If I understood what I read correctly a belief in the end-times caliphate is as integral part of Islamic teachings as the belief in the final day of judgement is in Christianity. Even if I'm wrong about that, it's worth thinking about how a young Muslim in, say, Europe, with various frustrations in his own life****, might interpret the call to come and be one of the forefathers of that caliphate, to help build a real counterweight for the Western hegemony in this world, to make it possible for Muslims everywhere to once again hold their heads up high. And all that is the desire — nay, the command — of the divine power!
Those last sentences are gleaned from my readings. I saw a lot of references not to individuals being oppressed or treated with racism in, say, Germany or France, but to the treatment of Islam as a faith in the West (the banning of the veil in schools in France was often given as an example, but some also argue that Islam should be the ruling religion everywhere).
Indeed, for many of the foreign fighters who have joined ISIS the battle appears to be both against the infidel West and against any other sect in Islam except Wahhabism, though Shias are certainly viewed with as great a contempt as non-Muslims.
But all that might only apply to the relatively small contingency of ISIS fighters from Europe and North America. Many of those foreign fighters come from Saudi Arabia or Tunisia, and their motivations may or may not differ. The recent and earlier colonialist policies of the West in general and the US in particular are obviously relevant for the initial anger and frustration, and so is the everlasting Israel-Palestine conflict.
And the reasons why domestic fighters in Syria and Iraq have joined ISIS probably differ from those I have mentioned above. The Shia-Sunni hostilities are a much more important determinant for Iraqi members of ISIS, for example.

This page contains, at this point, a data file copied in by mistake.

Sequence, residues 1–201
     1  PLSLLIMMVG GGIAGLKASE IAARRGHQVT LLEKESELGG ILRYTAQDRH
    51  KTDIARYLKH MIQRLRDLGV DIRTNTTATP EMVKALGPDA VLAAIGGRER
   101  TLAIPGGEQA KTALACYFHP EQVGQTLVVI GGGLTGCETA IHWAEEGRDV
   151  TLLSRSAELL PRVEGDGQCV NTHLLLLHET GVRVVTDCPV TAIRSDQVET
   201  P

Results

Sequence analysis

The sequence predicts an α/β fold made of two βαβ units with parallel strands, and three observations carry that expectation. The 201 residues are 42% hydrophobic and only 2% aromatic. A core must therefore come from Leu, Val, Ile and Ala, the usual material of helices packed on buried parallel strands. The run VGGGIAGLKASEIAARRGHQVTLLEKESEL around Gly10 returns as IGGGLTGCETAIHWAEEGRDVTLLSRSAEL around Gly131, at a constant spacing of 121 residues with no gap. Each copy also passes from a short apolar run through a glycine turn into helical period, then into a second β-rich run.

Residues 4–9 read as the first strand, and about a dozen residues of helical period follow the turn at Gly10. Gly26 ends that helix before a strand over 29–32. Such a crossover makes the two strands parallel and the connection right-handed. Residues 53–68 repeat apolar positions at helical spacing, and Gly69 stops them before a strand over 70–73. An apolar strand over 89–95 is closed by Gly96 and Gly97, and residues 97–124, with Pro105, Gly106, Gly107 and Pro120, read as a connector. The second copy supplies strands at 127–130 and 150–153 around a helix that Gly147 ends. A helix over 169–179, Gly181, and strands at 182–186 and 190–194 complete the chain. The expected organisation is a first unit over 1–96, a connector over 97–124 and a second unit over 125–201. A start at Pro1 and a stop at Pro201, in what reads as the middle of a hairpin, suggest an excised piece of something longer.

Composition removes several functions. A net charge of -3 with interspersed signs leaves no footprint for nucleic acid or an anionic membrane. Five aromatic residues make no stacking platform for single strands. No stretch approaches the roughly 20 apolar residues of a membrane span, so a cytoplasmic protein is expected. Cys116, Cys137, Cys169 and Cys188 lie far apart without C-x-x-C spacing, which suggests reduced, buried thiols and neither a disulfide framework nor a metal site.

Still, the particular form ISIS has taken (an ultra-religious theocracy with extremely stringent rules) is a pretty clear reminder to all of us that religion is the flag the Middle Eastern rebellions have chosen and that we cannot ignore the Wahhabist version of Islam if we attempt to unravel the mystery that is ISIS. It's necessary to learn how a religious worldview looks, to spend some time among the fervent believers, to understand what motivates them, and also to understand which aspects of reality they completely repudiate or ignore.
* This was for writing my series on the Islamic State and women. I write about Western women who have joined ISIS here. (From one angle it's much easier to see why some not-so-religious Western Muslim men might join ISIS as fighters: Free housing, good income, access to as many women as one wishes (up to four wives, any number of slaves for sex), a Rambo-type hero status in the community, and a promise of a first class ticket to paradise if "martyred." To see why women join you must read my post.)
** This one, for example, never crops up.
**** Even in Europe the influence of Salafist/Wahhabist doctrines is growing. This is probably linked to the funding of mosques all over the world by Saudi Arabia and Qatar.
**** These could be frustrations caused by poverty or racism or something more personal (such as the death of a parent which leads to increased religious searching and then to Salafism). The anecdotal data I collected on Western women who have joined ISIS does not suggest that they were especially poor, rather the opposite. Many, if not most, were middle class and fairly well educated.
On the other hand, several of the named terrorists associated with ISIS have had criminal records in the West. Those records may be a response to poverty or discrimination or they may indicate someone with a violent personality or both.
At the same time, recent immigrants to the industrialized West tend to be poorer than their new host country, on average. If you add to that the lack of integration in, say, France and the UK, and the general increasing geographic isolation of Muslim immigrants in many European countries you may be creating a situation where the messages from ISIS strike a chord.
Some have also suggested that the European-origin ISIS fighters have a higher percentage of recent converts than would be expected by the overall numbers of such converts. Perhaps recent converts tend to be more extremist in their beliefs.